She continued by stating that EU institutions are aware that the production is still very costly today and that many more production plants will have to be set-up. For this reason, she explained, the European Commission has set very gradual mandatory targets to kick start the production and foster the uptake of this type of fuels in an affordable manner. More specifically, she mentioned the mandatory target of 2% SAF supply to be achieved in European airports by 2025, scaling up to 20% in 2035 and, subsequently reaching 70% in 2050. Ms Smit said that targets have been set also for more scalable synthetic fuels, but that these are even more gradual, reflecting the fact that these technologies are not  mature yet.

The speaker also elaborated on the concerns the private sector has on SAF availability and costs, as the supply of sustainable fuels is in the making. Moreover, she mentioned the creation of the Renewable and Low-Carbon Fuels Value Chain Industrial Alliance, which brings the industry together to create a joint pipeline of projects to ramp up supply, as well as to discuss remaining barriers to SAF production and supply, and create a more favourable industrial framework for alternative fuels. She pointed to the various available financial instruments to help support SAF research and production, including the Innovation Fund and Horizon Europe, financial instruments under InvestEU, and new room in EU state aid rules. Considering all these elements, she eventually stated that the European Commission is confident that the objectives set for SAF will be achieved.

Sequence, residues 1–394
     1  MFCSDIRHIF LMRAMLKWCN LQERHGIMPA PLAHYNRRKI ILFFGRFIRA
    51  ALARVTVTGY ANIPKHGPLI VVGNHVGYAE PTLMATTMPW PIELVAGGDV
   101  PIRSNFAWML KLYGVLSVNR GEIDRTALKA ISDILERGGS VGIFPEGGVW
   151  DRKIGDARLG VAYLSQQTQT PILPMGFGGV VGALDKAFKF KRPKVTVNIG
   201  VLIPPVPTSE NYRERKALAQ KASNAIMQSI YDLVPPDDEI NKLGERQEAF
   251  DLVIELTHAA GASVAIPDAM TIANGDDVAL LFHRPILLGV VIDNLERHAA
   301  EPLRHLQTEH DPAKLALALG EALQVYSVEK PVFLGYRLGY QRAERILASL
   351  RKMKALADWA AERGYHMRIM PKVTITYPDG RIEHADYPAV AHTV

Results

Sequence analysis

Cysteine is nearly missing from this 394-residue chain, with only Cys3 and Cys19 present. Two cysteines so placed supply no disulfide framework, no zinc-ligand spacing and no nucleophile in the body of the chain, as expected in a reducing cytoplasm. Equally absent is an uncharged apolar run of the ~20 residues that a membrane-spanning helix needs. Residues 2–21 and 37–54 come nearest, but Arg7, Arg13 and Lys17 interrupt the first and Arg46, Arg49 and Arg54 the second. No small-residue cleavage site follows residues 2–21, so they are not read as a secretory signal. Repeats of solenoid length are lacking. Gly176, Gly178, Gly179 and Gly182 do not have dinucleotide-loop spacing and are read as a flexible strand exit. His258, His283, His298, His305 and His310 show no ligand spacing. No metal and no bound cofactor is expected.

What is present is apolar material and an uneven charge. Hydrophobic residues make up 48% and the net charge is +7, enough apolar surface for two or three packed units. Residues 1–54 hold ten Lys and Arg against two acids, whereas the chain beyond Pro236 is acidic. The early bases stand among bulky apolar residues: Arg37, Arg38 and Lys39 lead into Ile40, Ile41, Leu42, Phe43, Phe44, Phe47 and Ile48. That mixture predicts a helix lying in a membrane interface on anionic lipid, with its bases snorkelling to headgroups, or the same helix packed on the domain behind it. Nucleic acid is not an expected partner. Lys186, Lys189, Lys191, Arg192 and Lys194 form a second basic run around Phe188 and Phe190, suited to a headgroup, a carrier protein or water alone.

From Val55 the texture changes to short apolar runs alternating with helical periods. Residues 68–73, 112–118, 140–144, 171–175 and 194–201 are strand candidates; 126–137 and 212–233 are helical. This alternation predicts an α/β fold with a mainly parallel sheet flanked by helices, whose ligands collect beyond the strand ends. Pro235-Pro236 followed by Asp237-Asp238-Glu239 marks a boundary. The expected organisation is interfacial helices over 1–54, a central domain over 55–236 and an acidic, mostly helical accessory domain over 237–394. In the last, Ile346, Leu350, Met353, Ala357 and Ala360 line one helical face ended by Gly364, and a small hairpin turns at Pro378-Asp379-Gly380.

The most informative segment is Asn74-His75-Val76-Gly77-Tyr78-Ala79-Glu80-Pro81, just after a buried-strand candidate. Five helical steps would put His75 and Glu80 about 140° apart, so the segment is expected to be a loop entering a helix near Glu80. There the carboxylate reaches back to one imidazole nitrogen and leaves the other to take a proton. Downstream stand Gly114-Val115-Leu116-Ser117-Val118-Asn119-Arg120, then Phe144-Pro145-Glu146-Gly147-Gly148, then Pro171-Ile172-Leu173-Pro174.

The moderator turned to Damien Meadows to ask about the interrelation between the EU Emissions Trading System (EU ETS) and the carbon pricing impact on aviation emissions.

Damien Meadows started by emphasising that the EU ETS has been an effective tool to reduce emissions for 18 years. He explained how carbon emissions covered by carbon pricing have been reduced by 37% since 2005 and highlighted that the EU economy has grown in the meantime. He also noted that the aviation sector is a minimal part of the EU ETS system, as it amounts up to roughly 5%. To further support his argument, he took the examples of some projects, such as the direct carbon capture in Iceland or the hybrid steel in Sweden, which have been both incentivised by the EU ETS and have received financial support from the EU ETS-funded Innovation Fund. Mr Meadows clarified that the ETS’s objective is to deliver low-cost production while using the revenues to bring more expensive technology on stream and reiterated that this is a development of the last decade which has shown great promise.